Top Soccer Kickoff Set Plays & Strategies You Need to Know

By | Last updated November 6, 2017

You might be thinking to yourself:

It’s really HARD to make something out of kickoffs in soccer.

Are you sure?

To be true, you can achieve a lot from your kickoffs simply by learning the proper soccer kickoff plays…

…those that might even put you up for a scoring opportunity.

In this article, that’s precisely what I’ll be showing you! I’ll tell you what those strategies, tactics and plays are plus teach you how to make the most of out of them.

Let’s Kickoff!

Like so much in the game of soccer, the kickoff is so often a wasted opportunity for a team to take advantage of its opponents.

At the very least, the kickoff is a chance to figure out what your opposition plans to do and how they will set up.

At youth level this can be crucial, yet the opportunity to set up in a tactical manner is passed upon.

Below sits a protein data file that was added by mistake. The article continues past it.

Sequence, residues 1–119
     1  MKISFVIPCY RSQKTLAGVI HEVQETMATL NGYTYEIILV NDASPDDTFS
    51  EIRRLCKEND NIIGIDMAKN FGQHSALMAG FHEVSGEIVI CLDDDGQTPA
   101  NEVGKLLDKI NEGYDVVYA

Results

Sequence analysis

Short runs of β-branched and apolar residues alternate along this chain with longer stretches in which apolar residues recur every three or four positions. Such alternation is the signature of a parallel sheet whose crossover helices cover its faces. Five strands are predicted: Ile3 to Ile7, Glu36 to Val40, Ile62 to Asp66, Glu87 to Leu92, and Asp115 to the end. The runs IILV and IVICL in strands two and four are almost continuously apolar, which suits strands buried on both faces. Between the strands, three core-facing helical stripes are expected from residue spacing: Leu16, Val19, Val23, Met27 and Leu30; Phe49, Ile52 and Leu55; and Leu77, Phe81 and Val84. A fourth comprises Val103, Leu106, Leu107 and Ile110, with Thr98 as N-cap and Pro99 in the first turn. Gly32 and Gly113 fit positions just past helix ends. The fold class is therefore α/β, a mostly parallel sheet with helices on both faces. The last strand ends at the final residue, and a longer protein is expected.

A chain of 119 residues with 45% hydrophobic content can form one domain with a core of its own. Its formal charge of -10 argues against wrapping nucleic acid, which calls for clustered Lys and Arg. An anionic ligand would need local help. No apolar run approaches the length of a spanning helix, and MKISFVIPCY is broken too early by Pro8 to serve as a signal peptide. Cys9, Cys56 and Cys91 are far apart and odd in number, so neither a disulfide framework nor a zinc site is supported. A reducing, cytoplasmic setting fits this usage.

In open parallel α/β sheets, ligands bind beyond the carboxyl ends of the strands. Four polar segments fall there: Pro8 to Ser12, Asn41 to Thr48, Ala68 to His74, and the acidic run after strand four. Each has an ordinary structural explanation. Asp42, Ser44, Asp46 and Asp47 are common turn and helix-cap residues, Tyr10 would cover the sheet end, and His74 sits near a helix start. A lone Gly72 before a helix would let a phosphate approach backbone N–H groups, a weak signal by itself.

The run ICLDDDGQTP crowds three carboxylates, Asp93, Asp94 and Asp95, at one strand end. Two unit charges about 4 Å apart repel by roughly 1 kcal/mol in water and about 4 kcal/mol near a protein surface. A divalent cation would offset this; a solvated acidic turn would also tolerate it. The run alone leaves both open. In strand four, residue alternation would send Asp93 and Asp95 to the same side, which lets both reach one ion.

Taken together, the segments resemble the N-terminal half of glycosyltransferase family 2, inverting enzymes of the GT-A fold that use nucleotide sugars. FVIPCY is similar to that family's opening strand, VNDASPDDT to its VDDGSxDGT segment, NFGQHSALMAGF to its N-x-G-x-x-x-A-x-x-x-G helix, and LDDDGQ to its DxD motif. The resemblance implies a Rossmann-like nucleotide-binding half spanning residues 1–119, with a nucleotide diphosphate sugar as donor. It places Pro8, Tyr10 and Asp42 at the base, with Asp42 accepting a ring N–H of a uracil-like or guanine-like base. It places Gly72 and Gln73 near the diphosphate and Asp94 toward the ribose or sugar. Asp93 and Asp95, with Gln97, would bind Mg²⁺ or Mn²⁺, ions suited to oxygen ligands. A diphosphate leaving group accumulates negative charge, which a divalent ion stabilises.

This is a big mistake and it’s one that we will fix in today’s article by going over various soccer kickoff set plays and strategies to help your team gain a leg up on the competition.

What Is a Kickoff in Soccer?

At its most elementary level, a kickoff is used to either start a period of play or to restart the game after a goal has been scored.

The team that has been scored on is the one that will take the kick and they are afforded some space as the opposition isn’t allowed to be inside the center circle when the match restarts.

Thanks to a rule change by FIFA in 2016, kickoffs can now be taken in any direction.

Meaning that the ball does not have to move forward first like it was required before the implementation of this new rule.

New Soccer Kickoff Strategies

As a coach or player, you might be wondering: